7.5 Land Surface Model Intercomparison of Ecohydrological Processes over Complex Terrain and Their Impact on Land Surface Temperature

Tuesday, 19 August 2014: 2:45 PM
Kon Tiki Ballroom (Catamaran Resort Hotel)
Tiantian Xiang, Arizona State University, Tempe, AZ; and E. R. Vivoni and D. J. Gochis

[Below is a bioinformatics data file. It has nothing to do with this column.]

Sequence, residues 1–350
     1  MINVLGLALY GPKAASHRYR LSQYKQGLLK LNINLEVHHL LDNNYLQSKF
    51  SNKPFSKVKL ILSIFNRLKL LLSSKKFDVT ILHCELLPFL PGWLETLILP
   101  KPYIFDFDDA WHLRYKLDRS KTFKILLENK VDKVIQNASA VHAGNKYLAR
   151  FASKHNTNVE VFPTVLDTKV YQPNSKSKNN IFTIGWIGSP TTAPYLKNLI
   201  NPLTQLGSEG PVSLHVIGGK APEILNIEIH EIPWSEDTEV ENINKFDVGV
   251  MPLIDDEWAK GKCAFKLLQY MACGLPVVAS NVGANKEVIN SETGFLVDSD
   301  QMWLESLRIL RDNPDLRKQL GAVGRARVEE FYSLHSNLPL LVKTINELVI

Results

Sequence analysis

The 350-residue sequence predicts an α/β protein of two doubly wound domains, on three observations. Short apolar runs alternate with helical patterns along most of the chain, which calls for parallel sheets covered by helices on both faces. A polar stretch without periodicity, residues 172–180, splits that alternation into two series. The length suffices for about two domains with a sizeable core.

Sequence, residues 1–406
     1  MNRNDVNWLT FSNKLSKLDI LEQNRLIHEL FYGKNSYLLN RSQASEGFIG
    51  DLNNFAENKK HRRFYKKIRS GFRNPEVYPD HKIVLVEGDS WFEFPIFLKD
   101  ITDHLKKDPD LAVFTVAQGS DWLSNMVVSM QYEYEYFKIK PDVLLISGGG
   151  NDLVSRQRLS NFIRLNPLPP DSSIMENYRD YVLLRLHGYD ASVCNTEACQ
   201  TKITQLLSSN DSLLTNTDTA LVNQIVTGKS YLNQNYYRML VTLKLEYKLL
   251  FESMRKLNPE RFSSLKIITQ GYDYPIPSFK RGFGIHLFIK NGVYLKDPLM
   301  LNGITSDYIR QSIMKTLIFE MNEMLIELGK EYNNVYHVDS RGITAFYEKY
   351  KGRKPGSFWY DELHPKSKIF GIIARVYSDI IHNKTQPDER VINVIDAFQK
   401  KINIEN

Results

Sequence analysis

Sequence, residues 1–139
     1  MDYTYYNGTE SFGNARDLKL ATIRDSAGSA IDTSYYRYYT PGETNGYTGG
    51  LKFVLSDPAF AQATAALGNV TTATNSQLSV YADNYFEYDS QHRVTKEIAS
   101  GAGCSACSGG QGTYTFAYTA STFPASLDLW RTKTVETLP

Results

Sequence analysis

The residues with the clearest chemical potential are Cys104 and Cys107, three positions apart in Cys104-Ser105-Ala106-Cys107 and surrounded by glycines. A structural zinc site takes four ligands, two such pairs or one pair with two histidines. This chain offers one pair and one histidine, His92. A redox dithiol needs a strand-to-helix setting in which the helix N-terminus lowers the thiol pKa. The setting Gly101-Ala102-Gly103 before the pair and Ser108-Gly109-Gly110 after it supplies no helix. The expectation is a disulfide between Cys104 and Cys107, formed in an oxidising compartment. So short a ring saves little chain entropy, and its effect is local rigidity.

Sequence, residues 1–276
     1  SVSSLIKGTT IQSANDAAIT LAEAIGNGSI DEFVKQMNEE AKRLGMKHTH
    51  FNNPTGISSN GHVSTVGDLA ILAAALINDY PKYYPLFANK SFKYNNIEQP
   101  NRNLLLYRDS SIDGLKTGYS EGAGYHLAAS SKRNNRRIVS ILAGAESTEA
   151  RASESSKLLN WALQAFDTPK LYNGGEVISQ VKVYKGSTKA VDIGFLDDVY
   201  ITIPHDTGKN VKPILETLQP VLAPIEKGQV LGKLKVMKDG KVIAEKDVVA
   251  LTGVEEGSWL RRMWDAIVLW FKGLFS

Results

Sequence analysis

Ecohydrological processes are essential components of land-atmosphere interactions in regions of complex terrain and have the potential to affect convective rainfall formation. Yet, mountain biophysical phenomena are not well understood, and the superimposed impacts of topography, soil, and vegetation on land-atmosphere interactions have not been comprehensively quantified. In the North American Monsoon (NAM) region, the monsoon onset accompanied by dramatic vegetation greening adds spatial and temporal variability to local and regional ecohydrological processes. One of the land surface states, land surface temperature (LST), can be used as a reliable indicator of ecohydrologic processes since it is involved in both the energy balance and in water partitioning through varying evapotranspiration rates. In this study, we present results from a detailed analysis of distributed hydrologic model (TIN-based Real-time Integrated Basin Simulator, tRIBS) simulations which capture the seasonal evolution of LST and identify the key controls, related to meteorology, complex terrain, soil and vegetation cover, on the temporal and spatial distribution of LST. To accurately represent land surface conditions, the model utilized high resolution (30 m) terrain, soil classification, and time-varying vegetation parameters derived from remote sensing vegetation indices. Prior to the assessment, the high-resolution simulations were validated against multiple hydrologic variables from both ground sensor networks and remote sensing products at the catchment scale. The simulated spatial distribution of LST was compared with LST imageries from MODIS and ASTER with resolution of 1 km and 90 m, respectively. We then compare this high-resolution (100 m) benchmark to an intermediate-resolution (1 km) land surface model (the offline WRF-Hydro) to determine the skill in reproducing LST fields over a regional watershed. Our comparisons include an analysis of the effect of dynamic vegetation greening on the high and intermediate resolution models by withholding the remotely-sensed vegetation parameter changes in a leaf-off scenario. Lastly, we setup fully-coupled atmospheric and hydrologic simulations using the online WRF-Hydro model and discuss the implications of dynamic vegetation cover on land-atmosphere interactions in mountain areas.
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